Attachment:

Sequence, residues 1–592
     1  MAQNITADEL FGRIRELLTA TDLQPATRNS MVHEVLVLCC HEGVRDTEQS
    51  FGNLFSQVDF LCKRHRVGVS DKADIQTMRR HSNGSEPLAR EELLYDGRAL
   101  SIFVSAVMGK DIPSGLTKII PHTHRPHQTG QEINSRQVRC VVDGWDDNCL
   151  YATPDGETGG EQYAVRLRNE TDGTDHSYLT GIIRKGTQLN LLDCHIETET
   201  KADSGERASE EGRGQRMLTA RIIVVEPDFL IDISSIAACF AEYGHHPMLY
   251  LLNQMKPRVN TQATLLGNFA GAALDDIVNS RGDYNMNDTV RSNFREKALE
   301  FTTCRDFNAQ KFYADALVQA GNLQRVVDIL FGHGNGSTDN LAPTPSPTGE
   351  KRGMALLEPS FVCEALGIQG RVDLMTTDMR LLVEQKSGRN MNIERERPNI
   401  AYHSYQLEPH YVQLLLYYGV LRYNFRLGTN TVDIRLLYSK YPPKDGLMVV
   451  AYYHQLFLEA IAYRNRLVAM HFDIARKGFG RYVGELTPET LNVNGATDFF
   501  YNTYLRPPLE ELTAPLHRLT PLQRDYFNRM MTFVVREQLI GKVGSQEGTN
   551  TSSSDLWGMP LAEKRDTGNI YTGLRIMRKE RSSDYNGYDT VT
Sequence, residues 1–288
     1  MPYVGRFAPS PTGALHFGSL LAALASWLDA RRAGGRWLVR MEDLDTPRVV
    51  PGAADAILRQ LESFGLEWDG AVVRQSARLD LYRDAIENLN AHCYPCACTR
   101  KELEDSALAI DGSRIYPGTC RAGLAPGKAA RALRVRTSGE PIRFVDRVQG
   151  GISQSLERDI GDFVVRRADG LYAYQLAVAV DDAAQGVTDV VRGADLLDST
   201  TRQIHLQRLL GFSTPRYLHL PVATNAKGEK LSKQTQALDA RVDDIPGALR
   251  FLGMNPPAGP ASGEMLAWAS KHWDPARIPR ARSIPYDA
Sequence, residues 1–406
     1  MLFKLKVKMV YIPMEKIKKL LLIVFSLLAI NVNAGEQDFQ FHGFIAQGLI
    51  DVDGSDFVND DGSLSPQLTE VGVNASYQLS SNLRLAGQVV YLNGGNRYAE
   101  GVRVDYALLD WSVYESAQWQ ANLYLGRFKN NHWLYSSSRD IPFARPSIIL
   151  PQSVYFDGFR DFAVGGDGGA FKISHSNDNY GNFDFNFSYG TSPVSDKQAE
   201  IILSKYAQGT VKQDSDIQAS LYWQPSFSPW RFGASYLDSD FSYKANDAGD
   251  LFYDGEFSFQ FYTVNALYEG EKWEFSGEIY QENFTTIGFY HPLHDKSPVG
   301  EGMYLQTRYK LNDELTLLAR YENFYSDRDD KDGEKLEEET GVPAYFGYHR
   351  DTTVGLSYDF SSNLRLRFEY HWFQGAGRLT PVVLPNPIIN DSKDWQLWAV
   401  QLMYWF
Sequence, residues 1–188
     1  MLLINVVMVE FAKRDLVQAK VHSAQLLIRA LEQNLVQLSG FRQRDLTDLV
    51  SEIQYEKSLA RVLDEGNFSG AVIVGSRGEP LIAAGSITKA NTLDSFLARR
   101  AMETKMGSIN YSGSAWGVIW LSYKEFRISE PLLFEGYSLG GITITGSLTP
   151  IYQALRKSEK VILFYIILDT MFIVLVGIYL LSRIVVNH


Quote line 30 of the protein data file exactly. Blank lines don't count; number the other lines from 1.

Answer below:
   401  QLMYWF